UCLA breach is a warning, but IET resources can help Davis dodge trouble

Reports of the serious computer security breach at UCLA "underscore the tremendous risks of hosting electronic personal identity information on automated systems," says Pete Siegel, vice provost for Information and Educational Technology (IET), in a new letter to members of the Council of Deans and Vice Chancellors.

He suggests they ask individuals in their units to reconfirm their vigilance in protecting IDs, lists various ways IET can help, and describes services the department plans to add in the spring.

Cyber-safety is crucial, a directive reminded the campus in October, and individuals are held responsible for security breaches involving personal information when the breach could have been prevented. The cyber-safety policy the campus adopted in 2005 requires managers and technical staffers to verify that security vulnerabilities in electronic systems are identified and corrected.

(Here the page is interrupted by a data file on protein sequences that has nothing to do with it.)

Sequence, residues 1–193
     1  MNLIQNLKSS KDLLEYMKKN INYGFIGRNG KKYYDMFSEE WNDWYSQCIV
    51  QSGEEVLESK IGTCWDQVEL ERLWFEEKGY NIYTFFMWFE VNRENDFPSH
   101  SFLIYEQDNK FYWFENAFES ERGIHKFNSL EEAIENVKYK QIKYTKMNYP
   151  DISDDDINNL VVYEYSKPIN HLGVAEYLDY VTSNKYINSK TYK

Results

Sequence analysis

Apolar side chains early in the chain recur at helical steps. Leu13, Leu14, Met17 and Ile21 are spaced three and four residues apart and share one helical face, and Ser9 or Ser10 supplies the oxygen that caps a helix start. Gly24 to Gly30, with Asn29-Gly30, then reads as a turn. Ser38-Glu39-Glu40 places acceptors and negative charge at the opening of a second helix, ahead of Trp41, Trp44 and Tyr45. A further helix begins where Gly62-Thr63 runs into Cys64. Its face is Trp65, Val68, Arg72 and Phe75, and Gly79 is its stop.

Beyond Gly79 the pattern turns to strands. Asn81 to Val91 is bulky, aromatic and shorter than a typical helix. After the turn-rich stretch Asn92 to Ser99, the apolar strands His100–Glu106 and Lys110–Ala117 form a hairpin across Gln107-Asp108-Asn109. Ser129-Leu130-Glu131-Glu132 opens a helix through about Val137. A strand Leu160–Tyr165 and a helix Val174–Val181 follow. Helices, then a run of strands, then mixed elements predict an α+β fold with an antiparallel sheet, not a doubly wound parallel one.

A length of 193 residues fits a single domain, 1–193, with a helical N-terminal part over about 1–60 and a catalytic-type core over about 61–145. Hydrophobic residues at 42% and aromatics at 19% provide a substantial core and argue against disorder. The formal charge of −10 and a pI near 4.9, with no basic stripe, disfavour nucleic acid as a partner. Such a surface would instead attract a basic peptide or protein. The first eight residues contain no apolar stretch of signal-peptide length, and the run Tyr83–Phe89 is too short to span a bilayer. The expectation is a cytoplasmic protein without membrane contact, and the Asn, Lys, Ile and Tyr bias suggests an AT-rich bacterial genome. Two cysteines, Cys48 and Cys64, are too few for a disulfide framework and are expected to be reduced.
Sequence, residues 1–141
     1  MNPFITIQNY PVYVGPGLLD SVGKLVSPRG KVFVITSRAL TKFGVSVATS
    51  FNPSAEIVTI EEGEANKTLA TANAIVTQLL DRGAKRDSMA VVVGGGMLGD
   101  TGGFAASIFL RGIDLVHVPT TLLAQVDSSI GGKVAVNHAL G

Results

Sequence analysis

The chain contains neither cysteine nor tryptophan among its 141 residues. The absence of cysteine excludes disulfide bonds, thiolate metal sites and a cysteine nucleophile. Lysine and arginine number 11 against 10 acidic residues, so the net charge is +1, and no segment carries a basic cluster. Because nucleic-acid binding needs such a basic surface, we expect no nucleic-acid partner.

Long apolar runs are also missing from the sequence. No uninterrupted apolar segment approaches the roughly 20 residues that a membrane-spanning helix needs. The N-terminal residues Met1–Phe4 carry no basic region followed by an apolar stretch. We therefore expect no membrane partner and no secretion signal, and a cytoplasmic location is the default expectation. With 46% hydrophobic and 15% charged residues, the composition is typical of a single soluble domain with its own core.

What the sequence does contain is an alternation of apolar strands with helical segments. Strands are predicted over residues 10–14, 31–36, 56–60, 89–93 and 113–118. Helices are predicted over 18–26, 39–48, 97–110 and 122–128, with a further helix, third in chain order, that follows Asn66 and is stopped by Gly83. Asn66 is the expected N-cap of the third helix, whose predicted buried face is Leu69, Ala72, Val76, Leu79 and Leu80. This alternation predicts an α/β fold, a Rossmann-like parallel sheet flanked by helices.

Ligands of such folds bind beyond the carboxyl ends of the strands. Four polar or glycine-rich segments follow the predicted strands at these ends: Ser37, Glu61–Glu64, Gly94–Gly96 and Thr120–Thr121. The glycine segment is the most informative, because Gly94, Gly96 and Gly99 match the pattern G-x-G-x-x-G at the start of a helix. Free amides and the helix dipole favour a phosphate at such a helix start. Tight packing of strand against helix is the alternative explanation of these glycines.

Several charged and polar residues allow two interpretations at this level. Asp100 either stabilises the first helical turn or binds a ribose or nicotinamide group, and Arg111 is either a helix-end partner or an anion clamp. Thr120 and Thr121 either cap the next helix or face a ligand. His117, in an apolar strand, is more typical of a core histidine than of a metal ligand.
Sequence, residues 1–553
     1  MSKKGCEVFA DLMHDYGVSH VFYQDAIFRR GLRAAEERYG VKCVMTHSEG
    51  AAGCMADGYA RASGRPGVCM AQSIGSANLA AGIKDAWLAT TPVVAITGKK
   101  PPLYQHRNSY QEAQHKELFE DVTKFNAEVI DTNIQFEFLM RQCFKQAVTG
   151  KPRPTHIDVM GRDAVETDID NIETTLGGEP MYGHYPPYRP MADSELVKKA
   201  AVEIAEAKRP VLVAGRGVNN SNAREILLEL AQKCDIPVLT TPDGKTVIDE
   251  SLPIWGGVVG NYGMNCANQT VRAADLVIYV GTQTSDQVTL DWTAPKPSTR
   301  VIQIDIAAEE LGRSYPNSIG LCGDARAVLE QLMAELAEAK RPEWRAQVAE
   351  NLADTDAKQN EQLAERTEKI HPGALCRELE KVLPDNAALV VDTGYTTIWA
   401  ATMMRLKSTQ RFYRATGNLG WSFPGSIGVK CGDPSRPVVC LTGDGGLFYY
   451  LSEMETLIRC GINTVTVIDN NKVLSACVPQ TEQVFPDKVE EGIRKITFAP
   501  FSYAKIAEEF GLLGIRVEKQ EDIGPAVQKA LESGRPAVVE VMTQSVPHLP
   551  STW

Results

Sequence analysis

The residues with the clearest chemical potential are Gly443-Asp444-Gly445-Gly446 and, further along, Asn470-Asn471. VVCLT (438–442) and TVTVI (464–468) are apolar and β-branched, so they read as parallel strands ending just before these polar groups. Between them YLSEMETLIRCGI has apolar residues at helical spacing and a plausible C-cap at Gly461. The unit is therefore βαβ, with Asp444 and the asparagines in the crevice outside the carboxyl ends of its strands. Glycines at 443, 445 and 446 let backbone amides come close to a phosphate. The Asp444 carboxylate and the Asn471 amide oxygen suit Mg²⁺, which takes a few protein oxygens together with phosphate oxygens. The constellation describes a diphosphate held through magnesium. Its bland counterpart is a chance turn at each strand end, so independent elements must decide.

Security resources IET has made available for free include:
  • Software tools to locate personal identity records in electronic storage
  • Vulnerability scanning systems
  • A campus-wide anti-virus license for staff and faculty
  • Network firewall implementation assistance
  • Security awareness materials for technical and general employee audiences
  • Security practices guides.
In spring 2007, Siegel continues, IET will implement further security measures:
  • Subsidization of campus unit VLAN firewalls
  • A centralized scanning service to identity vulnerabilities in Web applications in development and production
  • Whole disk encryption software for mobile devices
  • Operating system and anti-virus update servers
  • Technical training through the 2007 IT Security Symposium, to be held June 20-22, 2007.

"If your organization has any questions pertaining to our shared responsibilities or how to take advantage of the campus services," Siegel wrote the council, "please do not hesitate to contact campus IT Security Coordinator Robert Ono at 530-754-6484."

In mid-December, UCLA alerted about 800,000 people that their names and certain personal information were contained in a restricted database that was illegally accessed by a sophisticated computer hacker. The Los Angeles campus has created a Web site with updates.